A&A: Is banning R-rated films from classroom censorship?

Q: For approximately 20 years our school district has allowed rated R films to be shown, with parent permission. Furthermore, for approximately 15 years, our district has offered a Film and Literature class, which has featured numerous R-rated films. Pursuant to this policy, the district has approved this curriculum and has also purchased R-rated films to be shown in the class.

Recently, despite there being no objections from students or parents, the district has put a blanket ban on R-rated movies, despite the fact that there has been no policy change. Teachers feel this is censorship in the classroom by preventing us from teaching the curriculum they have already approved.

A: There is an interesting body of case law analyzing students’ rights of freedom and expression. See, e.g., Tinker v. Des Moines School Dist., 393 U.S. 503, 506 (1969) (students do not “shed their constitutional rights to freedom of speech and expression at the schoolhouse gate”).

Schools, however, generally retain a good deal of latitude with respect to the content of the school curriculum. There is a federal case from Wisconsin based on a high school’s policy of not allowing R-rated films to be shown at school Borger by Borger v. Bisciglia, 888 F. Supp. 97 (E.D. Wis. 1995).

The court said that:

“school officials have abundant discretion to construct curriculum, and they only violate the First Amendment when they limit access to materials ‘for the purpose of restricting access to the political ideas or social perspectives discussed in them, when that action is motivated simply by the officials disapproval of the ideas involved.'” Id. at 100 (quoting Board of Ed. v. Pico, 457 U.S. 853, 879-80, 73 L. Ed. 2d 435, 102 S. Ct. 2799 (1982) (Blackmun, J. concurring)).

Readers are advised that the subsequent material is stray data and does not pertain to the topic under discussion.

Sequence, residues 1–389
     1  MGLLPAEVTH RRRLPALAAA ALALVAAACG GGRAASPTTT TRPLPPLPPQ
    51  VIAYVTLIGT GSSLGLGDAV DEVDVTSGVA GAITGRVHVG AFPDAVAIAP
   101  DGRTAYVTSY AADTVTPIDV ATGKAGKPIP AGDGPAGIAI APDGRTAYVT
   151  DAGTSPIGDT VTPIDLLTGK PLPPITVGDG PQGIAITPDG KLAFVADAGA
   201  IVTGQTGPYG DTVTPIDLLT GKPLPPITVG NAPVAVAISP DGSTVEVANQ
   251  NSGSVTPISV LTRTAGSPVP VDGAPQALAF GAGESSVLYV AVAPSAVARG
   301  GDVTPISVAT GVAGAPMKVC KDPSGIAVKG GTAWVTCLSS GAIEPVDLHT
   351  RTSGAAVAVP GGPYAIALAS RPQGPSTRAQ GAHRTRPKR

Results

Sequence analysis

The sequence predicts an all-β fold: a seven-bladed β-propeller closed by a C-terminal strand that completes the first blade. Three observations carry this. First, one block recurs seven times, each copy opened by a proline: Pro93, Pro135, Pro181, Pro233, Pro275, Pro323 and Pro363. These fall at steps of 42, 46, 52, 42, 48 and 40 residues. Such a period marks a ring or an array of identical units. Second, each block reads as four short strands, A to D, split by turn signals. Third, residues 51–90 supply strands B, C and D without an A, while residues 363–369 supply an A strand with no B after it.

The court concluded that:

“An R-rating indicates that reasonable people could determine that high school students should not view the film. That “reasonableness” is all that is necessary in a high school setting. This is a constitutional exercise of school board discretion, and the court shall not enjoin the enforcement of policy.” Borger, 888 F. Supp. at 101.

It seems likely that the analysis with respect to the issue from the perspective of a teacher who wanted to show the films in class would be similar.

Although California has enacted statutes that provide greater protection for certain types of student speech than is required by the First Amendment, it is not clear that a California court would reach a different conclusion than the Borger court did.

Holme Roberts & Owen LLP is general counsel for the First Amendment Coalition and responds to First Amendment Coalition hotline inquiries. In responding to these inquiries, we can give general information regarding open government and speech issues but cannot provide specific legal advice or representation.